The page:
Well, I finally got a lovely little ‘winter’ getaway and it was so very much needed. On Tuesday 14 July we left home headed to a cottage at a winery in Ballandean (more on Ballandean and surrounds in next week’s post).
On the way, we stopped in at Warwick for lunch and a look around and this is where today’s post is centred. Warwick is a town in the Southern Downs Region, 130km south-west of Brisbane. It has a population of approximately 15,380. Warwick is famous for being a Rose and Rodeo city, and I happened to have lived in Warwick back in 1972 when I was in Year 3. Dad, who was working as a Bank Manager, was transferred there for a year. We also visited Warwick a lot throughout my childhood because that is where my paternal grandmother lived. For these reasons, there were a few places I wanted to see, namely: 1) the house I used to live in, 2) the house my Nanny used to live in, and 3) the church and school that I used to go to. There are not many photo’s of the town of Warwick in this post but rather some nostalgic photos personal to me.
First we visited the old house that my family and I lived in for 12 months back in 1972. I recognised it pretty quickly – the structure of it – though it looked very different. It’s frontage is not as well kept as I remember it, and the front fence was gone. The garden I remember wasn’t there anymore and the air-conditioning units are new additions. I snapped a couple of photos through the window of the car (one of which you will see below), and as I did a car (the residents I assume) pulled into its driveway. I felt like some kind of crazed stalker or something so moved along pretty quickly! haha
We then drove on and next came upon the church and school that I used to go to. I went to St Mary’s Catholic Primary School. My memories from this time are very limited. I remember being excited when we moved there by the fact I got to wear a new uniform and had new school books. Even then I liked new things and I loved covering books! lol I remember being given ‘milk’ at lunchtime. Free school milk was introduced by the Menzies government in 1951 and discontinued under the Whitlam government in 1973. Here’s an interesting article about 1951 School Milk introduced by Menzies Government.
I have very vivid memories of what the front of Nanny’s house looked like but I knew it would look very different now. I had heard it was in bad disrepair these days. I didn’t know what number her house was but felt sure that even if the frontage looked different, I’d recognise the structure of the place. We drove up and down that street several times and I could not recognise her house, so we gave up and went to lunch.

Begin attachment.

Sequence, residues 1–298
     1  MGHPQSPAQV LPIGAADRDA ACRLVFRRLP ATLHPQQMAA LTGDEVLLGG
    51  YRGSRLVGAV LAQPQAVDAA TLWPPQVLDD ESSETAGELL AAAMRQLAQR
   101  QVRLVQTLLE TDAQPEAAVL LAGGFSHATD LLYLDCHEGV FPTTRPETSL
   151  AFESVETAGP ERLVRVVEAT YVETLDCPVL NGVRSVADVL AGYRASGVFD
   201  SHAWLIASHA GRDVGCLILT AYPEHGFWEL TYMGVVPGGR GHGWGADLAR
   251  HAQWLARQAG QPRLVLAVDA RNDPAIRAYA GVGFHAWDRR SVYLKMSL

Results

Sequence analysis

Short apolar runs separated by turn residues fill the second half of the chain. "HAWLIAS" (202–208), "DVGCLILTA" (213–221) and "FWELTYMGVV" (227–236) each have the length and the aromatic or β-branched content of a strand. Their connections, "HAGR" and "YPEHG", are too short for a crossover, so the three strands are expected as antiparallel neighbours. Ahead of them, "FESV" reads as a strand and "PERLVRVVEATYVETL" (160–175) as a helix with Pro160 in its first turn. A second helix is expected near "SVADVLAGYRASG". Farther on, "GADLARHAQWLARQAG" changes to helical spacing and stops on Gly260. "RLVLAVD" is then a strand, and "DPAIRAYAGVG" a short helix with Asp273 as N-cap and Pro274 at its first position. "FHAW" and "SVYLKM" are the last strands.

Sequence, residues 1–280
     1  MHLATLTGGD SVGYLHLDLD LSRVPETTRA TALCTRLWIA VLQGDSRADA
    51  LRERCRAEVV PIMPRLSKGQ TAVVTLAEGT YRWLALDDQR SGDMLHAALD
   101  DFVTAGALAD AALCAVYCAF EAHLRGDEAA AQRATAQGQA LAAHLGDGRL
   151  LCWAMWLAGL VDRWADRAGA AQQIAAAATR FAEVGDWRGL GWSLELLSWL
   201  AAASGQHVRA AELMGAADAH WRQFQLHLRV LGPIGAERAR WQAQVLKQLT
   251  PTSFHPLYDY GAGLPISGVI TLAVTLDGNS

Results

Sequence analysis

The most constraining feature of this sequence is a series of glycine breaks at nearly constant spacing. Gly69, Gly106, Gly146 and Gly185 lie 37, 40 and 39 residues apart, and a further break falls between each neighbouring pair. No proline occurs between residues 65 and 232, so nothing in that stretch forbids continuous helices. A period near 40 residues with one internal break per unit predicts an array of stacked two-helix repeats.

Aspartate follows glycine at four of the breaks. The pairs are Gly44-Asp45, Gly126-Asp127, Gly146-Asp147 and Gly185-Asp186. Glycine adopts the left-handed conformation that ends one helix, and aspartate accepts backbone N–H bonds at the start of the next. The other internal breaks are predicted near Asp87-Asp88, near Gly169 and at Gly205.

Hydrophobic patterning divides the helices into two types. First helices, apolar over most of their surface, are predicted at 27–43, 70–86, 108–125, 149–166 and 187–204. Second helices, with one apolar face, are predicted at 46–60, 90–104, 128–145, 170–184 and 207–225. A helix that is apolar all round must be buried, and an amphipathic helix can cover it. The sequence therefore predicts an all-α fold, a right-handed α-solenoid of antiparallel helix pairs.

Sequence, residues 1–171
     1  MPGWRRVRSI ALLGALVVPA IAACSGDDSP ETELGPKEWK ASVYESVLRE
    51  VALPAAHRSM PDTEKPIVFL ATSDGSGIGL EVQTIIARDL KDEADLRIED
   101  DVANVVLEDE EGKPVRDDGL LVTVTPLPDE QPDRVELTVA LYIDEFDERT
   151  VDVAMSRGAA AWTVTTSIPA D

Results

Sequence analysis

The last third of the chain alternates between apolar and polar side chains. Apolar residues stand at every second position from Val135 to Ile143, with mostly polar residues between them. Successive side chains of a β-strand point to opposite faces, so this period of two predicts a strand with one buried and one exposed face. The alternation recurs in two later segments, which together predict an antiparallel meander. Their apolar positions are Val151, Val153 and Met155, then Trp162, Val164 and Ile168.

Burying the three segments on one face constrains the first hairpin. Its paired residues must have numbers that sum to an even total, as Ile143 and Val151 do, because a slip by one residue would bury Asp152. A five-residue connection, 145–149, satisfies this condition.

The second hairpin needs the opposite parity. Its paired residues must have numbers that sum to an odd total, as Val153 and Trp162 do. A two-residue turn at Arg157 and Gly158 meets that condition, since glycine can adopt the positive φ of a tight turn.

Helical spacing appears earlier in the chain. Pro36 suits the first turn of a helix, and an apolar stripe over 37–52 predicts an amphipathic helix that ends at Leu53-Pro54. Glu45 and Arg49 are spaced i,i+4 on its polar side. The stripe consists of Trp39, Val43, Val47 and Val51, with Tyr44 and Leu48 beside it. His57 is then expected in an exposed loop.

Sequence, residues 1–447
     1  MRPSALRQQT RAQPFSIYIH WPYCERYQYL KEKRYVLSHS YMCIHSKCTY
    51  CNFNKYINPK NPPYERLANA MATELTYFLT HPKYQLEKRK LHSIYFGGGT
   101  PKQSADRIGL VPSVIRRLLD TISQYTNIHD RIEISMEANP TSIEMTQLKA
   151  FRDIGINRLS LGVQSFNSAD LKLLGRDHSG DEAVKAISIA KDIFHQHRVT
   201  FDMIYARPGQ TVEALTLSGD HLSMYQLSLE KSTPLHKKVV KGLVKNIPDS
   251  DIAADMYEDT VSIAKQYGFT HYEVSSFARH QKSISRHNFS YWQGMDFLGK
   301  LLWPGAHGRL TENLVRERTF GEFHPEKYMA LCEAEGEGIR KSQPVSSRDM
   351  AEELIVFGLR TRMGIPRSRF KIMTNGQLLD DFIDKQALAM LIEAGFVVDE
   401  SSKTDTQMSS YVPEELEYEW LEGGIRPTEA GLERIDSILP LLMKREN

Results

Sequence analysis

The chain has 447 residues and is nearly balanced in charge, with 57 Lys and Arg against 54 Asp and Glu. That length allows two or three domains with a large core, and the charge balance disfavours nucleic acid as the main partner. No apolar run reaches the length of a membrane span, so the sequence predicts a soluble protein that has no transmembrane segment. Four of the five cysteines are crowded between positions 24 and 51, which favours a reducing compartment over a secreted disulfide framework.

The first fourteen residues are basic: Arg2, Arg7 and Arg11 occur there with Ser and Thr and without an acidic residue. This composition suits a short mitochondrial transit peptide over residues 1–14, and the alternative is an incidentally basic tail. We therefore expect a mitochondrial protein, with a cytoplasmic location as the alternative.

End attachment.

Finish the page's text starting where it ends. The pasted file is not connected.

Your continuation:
We ended up having lunch at the Criterion Hotel in Palmerin Street. We’d come across a couple of cafe’s that looked to have too many people inside for these Covid days whereas this hotel had good Covid safe practices in place. The tables were spaced far apart, there was hand sanitiser available and they had a contact tracing register. I also love a good pub lunch now and then, don’t you?! For lunch, I had a Chicken Kiev and The Tennis Player had a Steak Sandwich.
After lunch we headed off to try again to find Nanny’s house. While at lunch I had texted Mum who then texted my Aunt (Dad’s sister) to find out what number the house was. My Aunt knew of course because she lived there as a child (she’s 15+ years younger than Dad was). Armed with this additional knowledge, I felt sure that this time I would find it, and I did. No wonder I didn’t recognise it before though. It looked nothing like I remembered it. The frontage is entirely different. The house is a different colour. The front yard was messy. The front fence was gone, and to make things a little more awkward, there was a girl sitting on the front steps. I still managed a snap through the window. It was, I must say, rather sad to see Nanny’s house like this. She was house proud and always had it looking neat and tidy. The house used to be called ‘The Vale’ and had this name on the front of the house. I also vividly remember the patchwork screen thing at the front patio. It was different coloured patchwork squares. Some squares were empty and those ones had a little pot with a cactus in them. This was no longer there. You can see the patchwork screen on the front patio in the photo below. The words ‘The Vale’ were on the wall of the house to the right of that. It was called ‘The Vale’ in honour of the small town of ‘Emu Vale‘ where they had lived previously and where my Dad had grown up.
We drove around a little more looking around the town and then headed off back on track for Stanthorpe and Ballandean. I’ll share all about Stanthorpe and Ballandean including where we stayed and where we went in next week’s post. There will also be mention of a little cafe we stopped in to for lunch at Warwick on our way home.
Have you been to Warwick? Ever heard of Emu Vale before? Have you revisited a house from your childhood?
Ciao for now,